Posted on July 24, 2019 by Dave Workman | Ammoland
The small-town police chief in Washington State who made big headlines last year for publicly declaring he would not enforce provisions of a statewide gun control initiative that passed in November will run to become the next Washington governor.
In an exclusive interview with AmmoLand News, Republic Police Chief Loren Culp said he will make an official announcement within days. He already has a campaign website that details his positions not only on Second Amendment rights, but on addiction and mental health, lower taxes, smaller government, veterans, individual liberty, and law enforcement.
A Washington State native, he grew up the state’s Jefferson (westside) and Ferry (eastside) counties, married his high school sweetheart, served in the U.S. Army attaining the rank of sergeant and is a member of the American Legion and Veterans of Foreign Wars.
He is also author of “American Cop,” which details his career and his rise to prominence as the first Evergreen State law enforcement official to declare he would not enforce Initiative 1639, the radical gun control measure that was rejected in a majority of the state’s counties, but managed to pass by about 60 percent of the vote, with the state’s most populous counties passing it. Since then, several county sheriffs have also gone on record declaring they will not actively enforce provisions of I-1639, and at least a half-dozen county commissions have adopted resolutions against the initiative.
Culp made statewide headlines when he sought to make Republic a “Second Amendment sanctuary city” where citizens would not live in fear of the new gun control law.
The small-town chief acknowledged that he is facing an uphill battle against entrenched western Washington politicians who will likely run for the office. It may depend upon how well current Gov. Jay Inslee, a Democrat, does in the race for the White House. Inslee is one of about two dozen Democrats running for the presidency, but he is essentially bringing up the rear.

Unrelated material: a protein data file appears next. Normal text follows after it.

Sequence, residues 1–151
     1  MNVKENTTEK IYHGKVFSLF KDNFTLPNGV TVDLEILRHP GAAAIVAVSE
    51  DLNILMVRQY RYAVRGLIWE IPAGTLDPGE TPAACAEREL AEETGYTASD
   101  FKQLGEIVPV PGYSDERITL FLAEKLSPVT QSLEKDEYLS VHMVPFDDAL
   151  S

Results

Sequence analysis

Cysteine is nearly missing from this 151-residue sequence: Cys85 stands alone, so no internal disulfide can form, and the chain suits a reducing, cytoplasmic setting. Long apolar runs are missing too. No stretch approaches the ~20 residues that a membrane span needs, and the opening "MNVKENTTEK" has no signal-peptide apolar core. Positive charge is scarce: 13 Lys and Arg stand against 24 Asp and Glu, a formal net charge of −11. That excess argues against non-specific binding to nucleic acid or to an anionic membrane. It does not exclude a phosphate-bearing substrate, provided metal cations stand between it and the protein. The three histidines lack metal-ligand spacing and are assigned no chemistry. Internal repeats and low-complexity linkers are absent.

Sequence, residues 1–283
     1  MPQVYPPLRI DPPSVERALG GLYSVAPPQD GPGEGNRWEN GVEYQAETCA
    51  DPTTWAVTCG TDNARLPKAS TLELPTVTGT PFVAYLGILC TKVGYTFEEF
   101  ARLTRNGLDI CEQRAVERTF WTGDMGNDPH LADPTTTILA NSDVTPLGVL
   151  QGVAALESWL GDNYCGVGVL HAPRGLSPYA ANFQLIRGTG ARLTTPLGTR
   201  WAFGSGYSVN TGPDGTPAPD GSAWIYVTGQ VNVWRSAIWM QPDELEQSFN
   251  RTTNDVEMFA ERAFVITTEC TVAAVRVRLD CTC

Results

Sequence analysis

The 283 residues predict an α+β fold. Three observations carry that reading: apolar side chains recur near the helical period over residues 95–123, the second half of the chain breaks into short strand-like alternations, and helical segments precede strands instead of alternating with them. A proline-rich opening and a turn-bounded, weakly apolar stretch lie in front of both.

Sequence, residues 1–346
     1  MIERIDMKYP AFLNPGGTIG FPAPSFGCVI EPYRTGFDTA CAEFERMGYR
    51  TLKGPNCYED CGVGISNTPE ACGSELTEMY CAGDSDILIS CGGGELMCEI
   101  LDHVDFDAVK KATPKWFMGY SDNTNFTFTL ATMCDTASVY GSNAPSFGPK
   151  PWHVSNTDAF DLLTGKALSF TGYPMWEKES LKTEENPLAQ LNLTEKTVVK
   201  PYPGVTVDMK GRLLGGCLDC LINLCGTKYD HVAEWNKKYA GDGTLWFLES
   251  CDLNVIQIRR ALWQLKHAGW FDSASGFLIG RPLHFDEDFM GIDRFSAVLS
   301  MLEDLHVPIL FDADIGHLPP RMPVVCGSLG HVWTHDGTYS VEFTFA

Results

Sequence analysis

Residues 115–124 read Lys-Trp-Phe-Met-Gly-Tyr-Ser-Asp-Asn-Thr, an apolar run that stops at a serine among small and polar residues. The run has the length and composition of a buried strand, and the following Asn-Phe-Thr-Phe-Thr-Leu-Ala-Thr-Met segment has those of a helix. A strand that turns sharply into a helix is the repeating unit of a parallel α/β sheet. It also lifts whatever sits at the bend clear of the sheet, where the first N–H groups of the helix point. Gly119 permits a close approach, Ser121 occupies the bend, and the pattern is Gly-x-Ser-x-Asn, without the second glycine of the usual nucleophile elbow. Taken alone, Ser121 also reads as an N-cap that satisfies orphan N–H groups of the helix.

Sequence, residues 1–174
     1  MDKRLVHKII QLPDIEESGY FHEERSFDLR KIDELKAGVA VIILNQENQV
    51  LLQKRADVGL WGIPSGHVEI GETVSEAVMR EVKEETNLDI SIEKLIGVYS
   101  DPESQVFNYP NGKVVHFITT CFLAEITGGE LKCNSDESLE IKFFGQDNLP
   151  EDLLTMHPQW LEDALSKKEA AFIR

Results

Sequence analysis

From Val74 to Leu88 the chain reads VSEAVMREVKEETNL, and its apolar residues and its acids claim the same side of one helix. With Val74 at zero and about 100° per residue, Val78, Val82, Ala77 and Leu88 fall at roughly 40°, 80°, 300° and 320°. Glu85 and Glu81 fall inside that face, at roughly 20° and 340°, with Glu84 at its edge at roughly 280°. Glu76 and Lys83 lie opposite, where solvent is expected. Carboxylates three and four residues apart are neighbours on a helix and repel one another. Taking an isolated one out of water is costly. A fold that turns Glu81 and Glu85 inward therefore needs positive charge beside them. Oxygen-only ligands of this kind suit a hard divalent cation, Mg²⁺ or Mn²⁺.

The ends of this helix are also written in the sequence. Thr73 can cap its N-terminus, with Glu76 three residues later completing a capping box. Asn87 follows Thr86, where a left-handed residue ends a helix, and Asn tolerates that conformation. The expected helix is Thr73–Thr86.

Culp, running as a Republican, described his gubernatorial effort as “We’re kind of David v. Goliath. It’s going to take millions of dollars.”
At his website, Culp’s campaign contends, “The Declaration of Independence states that governments are instituted to protect citizen’s rights. For far too long what we’ve seen out of Olympia is exactly the opposite. We currently have a Governor and Attorney General who will not hesitate to violate their oaths of office. They actively support laws that clearly violate citizen’s rights and have no problem raising taxes on hard-working Washingtonians.”
In addition to his law enforcement career, Culp was in private business for two decades in the Olympia area. As a former general contractor, he said, “I’ve got a business background.”
His service in the Army was during both the Jimmy Carter and Ronald Reagan administrations.
“So,” he said, “I know what happens when good leadership comes in. It’s a huge difference, like night and day between Carter and Reagan.”